Sitting in traffic is expensive.
An estimated $100 billion a year goes down the U.S. economy’s drain as a result of congestion, says the Texas Transportation Institute. Trucking companies pay about a quarter of that, and now Congress is toying with ways to get them out of first gear.
Fancy that. The masters of political gridlock are considering an answer for highway gridlock.
BGOV transportation analyst Matthew Hummer takes a closer look at the Senate’s proposed highway bill, which would include $2.5 billion a year to ease freight movement. His Bloomberg Government Study suggests that the bill has several shortcomings. It proposes to spend the money in the same states as the last bill did, whether the state has a freight movement problem or not. And because truckers share the roads with cars, spending money on roads may encourage more use by cars, adding to the congestion.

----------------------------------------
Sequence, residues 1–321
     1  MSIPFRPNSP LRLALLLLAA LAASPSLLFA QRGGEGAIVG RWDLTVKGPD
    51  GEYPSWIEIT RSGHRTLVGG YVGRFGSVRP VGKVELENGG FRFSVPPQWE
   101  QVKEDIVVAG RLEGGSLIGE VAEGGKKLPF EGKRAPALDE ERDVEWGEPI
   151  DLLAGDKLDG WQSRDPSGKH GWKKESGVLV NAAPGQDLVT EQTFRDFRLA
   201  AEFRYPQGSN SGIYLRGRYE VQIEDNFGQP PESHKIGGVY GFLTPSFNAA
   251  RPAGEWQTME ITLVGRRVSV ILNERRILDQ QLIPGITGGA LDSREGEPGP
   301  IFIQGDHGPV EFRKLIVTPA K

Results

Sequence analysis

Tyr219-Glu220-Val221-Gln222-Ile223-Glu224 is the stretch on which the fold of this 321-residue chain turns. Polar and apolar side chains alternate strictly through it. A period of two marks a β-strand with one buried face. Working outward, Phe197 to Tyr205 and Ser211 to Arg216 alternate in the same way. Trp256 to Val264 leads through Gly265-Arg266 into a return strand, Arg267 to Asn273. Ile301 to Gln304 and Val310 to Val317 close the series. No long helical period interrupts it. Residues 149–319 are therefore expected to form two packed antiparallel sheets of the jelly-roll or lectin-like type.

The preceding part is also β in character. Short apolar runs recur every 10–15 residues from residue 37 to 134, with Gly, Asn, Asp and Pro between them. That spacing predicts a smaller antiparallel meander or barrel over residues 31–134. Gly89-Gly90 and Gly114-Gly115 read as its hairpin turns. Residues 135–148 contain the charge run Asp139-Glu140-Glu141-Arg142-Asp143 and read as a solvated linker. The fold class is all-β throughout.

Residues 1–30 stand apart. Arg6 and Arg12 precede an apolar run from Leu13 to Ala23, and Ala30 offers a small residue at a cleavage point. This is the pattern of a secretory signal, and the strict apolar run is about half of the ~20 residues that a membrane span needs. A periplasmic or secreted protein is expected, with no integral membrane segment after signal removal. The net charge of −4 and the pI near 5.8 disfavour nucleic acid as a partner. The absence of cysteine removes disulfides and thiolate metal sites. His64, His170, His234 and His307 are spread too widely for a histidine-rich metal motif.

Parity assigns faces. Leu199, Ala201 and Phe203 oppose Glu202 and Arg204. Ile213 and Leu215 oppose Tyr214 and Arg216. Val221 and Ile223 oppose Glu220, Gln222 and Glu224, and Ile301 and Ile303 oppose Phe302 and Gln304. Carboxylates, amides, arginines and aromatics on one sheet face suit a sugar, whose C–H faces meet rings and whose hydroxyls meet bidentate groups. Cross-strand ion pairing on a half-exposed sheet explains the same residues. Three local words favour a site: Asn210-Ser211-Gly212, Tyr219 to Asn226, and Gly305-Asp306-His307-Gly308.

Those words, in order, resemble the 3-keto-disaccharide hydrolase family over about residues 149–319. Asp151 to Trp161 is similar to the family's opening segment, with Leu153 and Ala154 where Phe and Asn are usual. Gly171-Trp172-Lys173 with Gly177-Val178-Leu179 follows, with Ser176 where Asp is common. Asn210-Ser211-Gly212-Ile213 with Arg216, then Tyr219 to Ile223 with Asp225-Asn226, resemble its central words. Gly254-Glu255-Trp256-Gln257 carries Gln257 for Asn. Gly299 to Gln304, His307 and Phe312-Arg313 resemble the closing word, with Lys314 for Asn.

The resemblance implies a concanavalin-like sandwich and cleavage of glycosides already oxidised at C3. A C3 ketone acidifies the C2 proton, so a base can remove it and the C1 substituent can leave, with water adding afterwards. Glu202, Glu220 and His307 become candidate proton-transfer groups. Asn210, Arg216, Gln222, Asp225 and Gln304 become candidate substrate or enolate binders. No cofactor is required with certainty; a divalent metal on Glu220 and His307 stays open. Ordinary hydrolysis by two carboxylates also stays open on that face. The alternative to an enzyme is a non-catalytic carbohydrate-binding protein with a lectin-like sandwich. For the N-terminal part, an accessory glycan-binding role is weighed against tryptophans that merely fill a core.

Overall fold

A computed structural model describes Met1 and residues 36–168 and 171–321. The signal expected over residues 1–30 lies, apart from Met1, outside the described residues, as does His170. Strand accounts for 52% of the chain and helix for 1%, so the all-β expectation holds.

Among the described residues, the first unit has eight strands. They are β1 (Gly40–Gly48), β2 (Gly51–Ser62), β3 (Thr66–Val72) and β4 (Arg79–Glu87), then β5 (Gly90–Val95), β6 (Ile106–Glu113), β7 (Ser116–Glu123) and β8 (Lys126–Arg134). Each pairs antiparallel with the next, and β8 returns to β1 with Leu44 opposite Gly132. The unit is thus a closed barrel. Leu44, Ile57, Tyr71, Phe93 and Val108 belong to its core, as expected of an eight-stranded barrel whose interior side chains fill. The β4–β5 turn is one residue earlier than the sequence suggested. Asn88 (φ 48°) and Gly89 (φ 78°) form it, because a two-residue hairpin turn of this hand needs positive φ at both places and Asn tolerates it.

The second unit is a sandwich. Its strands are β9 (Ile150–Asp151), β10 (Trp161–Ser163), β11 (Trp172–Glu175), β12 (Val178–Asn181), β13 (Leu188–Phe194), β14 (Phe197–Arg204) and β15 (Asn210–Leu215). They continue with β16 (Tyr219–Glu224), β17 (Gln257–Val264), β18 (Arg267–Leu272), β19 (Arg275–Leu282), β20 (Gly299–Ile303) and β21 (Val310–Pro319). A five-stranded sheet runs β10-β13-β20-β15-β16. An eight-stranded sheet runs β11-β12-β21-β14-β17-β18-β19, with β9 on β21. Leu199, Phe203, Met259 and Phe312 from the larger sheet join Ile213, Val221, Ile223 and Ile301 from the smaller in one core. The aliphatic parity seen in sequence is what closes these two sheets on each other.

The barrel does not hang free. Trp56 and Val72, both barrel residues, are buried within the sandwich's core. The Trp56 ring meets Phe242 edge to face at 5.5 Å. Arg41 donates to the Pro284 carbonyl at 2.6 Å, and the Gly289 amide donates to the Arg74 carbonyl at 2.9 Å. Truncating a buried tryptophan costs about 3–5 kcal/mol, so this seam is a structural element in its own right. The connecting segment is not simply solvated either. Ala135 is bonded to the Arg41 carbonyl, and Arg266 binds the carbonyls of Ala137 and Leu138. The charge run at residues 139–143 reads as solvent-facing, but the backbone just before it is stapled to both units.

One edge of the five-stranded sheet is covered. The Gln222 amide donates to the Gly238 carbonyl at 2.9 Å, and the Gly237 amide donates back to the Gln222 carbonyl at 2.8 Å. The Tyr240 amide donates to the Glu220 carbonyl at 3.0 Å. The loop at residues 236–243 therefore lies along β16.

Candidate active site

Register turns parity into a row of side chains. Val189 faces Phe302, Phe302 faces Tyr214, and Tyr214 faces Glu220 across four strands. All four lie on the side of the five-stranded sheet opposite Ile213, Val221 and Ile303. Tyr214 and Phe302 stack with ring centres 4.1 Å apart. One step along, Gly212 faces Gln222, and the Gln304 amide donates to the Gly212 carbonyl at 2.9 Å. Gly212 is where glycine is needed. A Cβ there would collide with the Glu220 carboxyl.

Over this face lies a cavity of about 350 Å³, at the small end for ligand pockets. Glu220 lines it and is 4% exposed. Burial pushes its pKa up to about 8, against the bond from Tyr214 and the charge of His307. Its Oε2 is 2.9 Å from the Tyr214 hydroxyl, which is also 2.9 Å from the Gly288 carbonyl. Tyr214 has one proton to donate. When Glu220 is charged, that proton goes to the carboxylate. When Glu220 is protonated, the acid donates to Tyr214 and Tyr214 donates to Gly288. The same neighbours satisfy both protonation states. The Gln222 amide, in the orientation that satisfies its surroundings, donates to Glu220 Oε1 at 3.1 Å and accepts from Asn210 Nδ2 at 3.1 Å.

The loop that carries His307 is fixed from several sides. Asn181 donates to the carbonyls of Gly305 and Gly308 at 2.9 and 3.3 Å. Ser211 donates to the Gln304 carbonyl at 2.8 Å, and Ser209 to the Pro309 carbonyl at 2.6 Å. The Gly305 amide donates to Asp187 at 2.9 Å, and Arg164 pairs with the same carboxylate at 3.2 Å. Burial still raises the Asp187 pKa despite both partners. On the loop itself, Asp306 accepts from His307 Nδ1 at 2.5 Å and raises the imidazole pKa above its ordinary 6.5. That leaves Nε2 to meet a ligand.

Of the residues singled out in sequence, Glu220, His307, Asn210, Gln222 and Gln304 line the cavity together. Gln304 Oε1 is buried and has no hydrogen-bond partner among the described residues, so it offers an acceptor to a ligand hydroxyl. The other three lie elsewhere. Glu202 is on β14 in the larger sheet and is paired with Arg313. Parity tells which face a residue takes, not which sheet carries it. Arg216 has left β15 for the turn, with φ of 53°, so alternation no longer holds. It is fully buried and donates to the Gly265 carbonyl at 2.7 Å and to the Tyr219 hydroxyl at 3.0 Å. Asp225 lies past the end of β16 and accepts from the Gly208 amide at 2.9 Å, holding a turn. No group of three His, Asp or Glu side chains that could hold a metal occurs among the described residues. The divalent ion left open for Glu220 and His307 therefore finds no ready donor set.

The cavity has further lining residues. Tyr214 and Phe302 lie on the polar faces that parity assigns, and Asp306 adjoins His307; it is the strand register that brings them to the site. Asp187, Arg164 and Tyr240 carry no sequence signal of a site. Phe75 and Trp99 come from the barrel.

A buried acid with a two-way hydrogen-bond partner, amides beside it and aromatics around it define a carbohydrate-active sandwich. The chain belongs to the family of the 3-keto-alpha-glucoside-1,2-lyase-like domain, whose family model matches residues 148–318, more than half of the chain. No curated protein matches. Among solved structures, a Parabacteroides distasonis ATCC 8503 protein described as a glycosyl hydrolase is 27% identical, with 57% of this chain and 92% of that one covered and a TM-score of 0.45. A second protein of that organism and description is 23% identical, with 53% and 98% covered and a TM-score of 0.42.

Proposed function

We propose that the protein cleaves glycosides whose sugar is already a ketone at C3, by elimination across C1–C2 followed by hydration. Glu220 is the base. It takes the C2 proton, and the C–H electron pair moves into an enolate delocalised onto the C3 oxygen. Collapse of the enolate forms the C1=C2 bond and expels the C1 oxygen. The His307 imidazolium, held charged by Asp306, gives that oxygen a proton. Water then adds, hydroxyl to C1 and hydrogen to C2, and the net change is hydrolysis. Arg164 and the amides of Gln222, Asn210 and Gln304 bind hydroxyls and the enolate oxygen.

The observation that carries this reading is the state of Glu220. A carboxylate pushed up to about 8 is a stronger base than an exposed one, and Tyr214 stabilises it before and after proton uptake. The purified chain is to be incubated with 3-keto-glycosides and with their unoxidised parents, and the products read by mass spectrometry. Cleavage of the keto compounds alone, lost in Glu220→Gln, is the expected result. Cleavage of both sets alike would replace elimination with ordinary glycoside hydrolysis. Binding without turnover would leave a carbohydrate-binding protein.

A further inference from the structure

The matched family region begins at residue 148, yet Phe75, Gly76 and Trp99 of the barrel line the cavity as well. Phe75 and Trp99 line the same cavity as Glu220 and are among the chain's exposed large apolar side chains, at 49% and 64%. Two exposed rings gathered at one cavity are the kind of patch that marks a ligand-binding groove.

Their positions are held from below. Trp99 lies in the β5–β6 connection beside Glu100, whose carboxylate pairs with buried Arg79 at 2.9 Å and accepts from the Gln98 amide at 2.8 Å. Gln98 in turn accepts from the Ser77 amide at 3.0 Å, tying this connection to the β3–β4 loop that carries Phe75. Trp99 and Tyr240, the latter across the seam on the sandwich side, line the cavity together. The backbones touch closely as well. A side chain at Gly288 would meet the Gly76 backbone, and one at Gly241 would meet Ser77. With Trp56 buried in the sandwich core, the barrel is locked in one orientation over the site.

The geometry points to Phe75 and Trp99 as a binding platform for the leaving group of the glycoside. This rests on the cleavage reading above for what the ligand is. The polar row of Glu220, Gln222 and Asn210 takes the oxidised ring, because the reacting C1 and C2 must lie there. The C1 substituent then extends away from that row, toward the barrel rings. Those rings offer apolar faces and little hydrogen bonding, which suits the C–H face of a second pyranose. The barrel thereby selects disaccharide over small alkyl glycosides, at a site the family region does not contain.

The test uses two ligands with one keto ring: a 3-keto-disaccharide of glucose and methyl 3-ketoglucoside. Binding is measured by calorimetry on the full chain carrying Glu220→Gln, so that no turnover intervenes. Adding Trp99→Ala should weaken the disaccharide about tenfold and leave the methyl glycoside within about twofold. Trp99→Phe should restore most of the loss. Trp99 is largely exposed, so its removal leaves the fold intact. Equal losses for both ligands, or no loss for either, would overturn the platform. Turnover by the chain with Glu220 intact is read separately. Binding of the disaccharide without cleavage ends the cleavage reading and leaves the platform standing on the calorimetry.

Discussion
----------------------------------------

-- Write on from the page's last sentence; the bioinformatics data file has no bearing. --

The stakes aren’t small. Hummer calculates that every 7.5-mile-per-hour slowdown amounts to $12.42 an hour in lost revenue for five of the biggest trucking companies.
Transportation policy is famously slow moving. The Senate’s plan may be an opening gambit in a long-term shift in spending federal highway money. Or it may be dead by the end of the summer.